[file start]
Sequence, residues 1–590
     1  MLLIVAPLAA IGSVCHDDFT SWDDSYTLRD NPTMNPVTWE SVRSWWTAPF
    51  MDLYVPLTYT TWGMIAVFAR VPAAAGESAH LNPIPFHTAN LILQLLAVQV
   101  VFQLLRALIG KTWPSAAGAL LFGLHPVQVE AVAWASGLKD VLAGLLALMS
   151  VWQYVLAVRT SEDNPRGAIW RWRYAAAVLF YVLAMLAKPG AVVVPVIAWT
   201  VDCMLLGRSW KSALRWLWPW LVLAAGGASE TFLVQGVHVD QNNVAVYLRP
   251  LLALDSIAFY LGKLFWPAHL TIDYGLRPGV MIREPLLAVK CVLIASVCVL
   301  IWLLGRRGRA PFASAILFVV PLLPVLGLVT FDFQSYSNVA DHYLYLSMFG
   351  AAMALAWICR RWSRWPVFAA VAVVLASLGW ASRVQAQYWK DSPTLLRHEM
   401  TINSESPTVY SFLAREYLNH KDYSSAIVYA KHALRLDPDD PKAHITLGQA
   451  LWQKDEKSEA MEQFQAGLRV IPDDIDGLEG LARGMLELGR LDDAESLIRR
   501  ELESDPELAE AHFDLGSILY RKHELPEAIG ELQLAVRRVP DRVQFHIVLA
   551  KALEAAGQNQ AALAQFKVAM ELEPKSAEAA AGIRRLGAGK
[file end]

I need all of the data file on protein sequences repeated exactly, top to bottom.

Sequence, residues 1–590
     1  MLLIVAPLAA IGSVCHDDFT SWDDSYTLRD NPTMNPVTWE SVRSWWTAPF
    51  MDLYVPLTYT TWGMIAVFAR VPAAAGESAH LNPIPFHTAN LILQLLAVQV
   101  VFQLLRALIG KTWPSAAGAL LFGLHPVQVE AVAWASGLKD VLAGLLALMS
   151  VWQYVLAVRT SEDNPRGAIW RWRYAAAVLF YVLAMLAKPG AVVVPVIAWT
   201  VDCMLLGRSW KSALRWLWPW LVLAAGGASE TFLVQGVHVD QNNVAVYLRP
   251  LLALDSIAFY LGKLFWPAHL TIDYGLRPGV MIREPLLAVK CVLIASVCVL
   301  IWLLGRRGRA PFASAILFVV PLLPVLGLVT FDFQSYSNVA DHYLYLSMFG
   351  AAMALAWICR RWSRWPVFAA VAVVLASLGW ASRVQAQYWK DSPTLLRHEM
   401  TINSESPTVY SFLAREYLNH KDYSSAIVYA KHALRLDPDD PKAHITLGQA
   451  LWQKDEKSEA MEQFQAGLRV IPDDIDGLEG LARGMLELGR LDDAESLIRR
   501  ELESDPELAE AHFDLGSILY RKHELPEAIG ELQLAVRRVP DRVQFHIVLA
   551  KALEAAGQNQ AALAQFKVAM ELEPKSAEAA AGIRRLGAGK